Iowa Egg Farms More Cautious Since Recent Salmonella Recalls
By Nadia Crow, Reporter
Kalona, Iowa - The recalled eggs make up less than one percent of all US produced eggs. But some Iowa egg farmers say they’re all getting a bad rap. FDA regulations or not, safety is what many farmers say is their number one priority.
While Wright County Egg and Hillandale farms contributed to the salmonella recall, most area egg farmers are small family owned businesses that are not involved. They say their eggs aren’t contaminated because they follow strict safety guidelines. 12,000 of these hens produce eggs that organic farmer Dale Schrock says are safe to eat.
“You’re going to have a healthy bird, you’re going to ward off sickness,” said Schrock Farm owner Dale Schrock.
But suspected unhealthy birds from Wright County Egg and Hillandale Farms produced a half billion salmonella infected eggs. But not all Iowa eggs are bad.
“The recall is what less than one percent,” said Schrock.
Eggs from the Schrock Farm are wrapped up and taken to the Farmer’s Hen House in Kalona where the eggs are then sent to grocery stores or other distributors.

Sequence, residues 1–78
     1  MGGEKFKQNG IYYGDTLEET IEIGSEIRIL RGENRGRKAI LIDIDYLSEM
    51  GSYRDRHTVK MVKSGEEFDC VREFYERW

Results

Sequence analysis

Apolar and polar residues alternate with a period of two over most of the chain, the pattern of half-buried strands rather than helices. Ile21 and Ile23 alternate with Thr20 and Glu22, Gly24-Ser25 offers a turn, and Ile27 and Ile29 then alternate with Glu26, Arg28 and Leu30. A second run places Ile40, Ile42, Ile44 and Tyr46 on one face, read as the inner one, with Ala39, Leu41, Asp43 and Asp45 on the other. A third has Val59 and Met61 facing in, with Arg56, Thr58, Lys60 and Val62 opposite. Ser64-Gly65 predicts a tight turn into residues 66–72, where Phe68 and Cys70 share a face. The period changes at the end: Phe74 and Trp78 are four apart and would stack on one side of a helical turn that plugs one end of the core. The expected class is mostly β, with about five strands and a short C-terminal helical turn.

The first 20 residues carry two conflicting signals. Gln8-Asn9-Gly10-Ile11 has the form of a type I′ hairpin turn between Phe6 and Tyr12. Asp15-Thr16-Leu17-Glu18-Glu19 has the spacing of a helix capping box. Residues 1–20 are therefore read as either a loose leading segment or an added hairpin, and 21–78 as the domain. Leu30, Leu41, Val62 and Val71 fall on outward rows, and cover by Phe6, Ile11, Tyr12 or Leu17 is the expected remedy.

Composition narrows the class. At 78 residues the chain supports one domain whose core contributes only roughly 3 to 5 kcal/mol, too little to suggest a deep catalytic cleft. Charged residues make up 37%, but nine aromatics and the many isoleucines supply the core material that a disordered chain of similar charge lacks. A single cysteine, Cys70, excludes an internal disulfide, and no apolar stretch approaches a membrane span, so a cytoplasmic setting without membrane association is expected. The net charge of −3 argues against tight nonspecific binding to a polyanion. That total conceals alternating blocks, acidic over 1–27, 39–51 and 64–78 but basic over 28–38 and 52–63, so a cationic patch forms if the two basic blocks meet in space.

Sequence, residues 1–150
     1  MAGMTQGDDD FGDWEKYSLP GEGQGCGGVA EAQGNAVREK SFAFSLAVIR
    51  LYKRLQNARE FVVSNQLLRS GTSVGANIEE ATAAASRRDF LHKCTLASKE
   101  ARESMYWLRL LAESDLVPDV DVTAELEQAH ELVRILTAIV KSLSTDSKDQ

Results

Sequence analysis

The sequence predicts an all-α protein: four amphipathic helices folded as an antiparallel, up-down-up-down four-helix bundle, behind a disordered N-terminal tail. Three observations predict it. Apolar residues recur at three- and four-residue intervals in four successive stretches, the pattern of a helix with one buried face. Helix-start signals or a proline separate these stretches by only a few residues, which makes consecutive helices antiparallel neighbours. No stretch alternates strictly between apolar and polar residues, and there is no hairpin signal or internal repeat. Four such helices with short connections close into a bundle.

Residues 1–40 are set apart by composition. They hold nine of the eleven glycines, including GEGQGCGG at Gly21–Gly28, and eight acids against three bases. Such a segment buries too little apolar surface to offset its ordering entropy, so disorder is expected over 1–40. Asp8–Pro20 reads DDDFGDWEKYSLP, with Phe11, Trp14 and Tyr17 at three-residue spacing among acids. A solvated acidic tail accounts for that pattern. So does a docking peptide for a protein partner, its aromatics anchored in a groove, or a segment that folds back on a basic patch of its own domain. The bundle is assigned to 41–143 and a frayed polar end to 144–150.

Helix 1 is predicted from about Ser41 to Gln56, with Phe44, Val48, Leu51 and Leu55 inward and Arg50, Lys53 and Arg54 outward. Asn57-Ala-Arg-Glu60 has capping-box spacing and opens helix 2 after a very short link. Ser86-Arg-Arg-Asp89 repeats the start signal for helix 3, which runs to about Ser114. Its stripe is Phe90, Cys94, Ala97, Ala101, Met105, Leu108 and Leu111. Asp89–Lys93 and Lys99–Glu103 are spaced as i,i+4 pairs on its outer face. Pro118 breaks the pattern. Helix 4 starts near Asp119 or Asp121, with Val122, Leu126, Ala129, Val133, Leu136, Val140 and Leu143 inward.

“We’ve been very busy with calls from people just wanting to make sure they’re safe,” said Farmer's Hen House General Manager Ryan Miller.
So far so good. General Manager Ryan Miller says they follow strict guidelines.
“We monitor the wash water temperature and the pH and both things are done to make sure we don’t have bacteria growing on the egg,” said Miller.
420,000 to 480,000 eggs are refrigerated in 40 degree coolers, washed in 90 degree water, sized, and packaged there daily.
“All those things are to keep bacteria fresh and from bacteria growing especially salmonella,” said Miller.
But the real leg work starts at the farm with flock vaccination and rodent control.
“Keep the weeds down around the building try to keep the building tight,” said Schrock.
Those precautions help to keep many Iowa eggs virus free.
“At this point we’ve never had a problem in this facility,” said Schrock.
FDA guidelines mostly regulate large companies with flocks of 50,000 hen or more. But even some small facilities like the Farmers Hen House or Schrock Farm follow those same guidelines. Many more are implementing more regulations in light of the recent outbreak. In 2012, all farms will have to follow the same rules.
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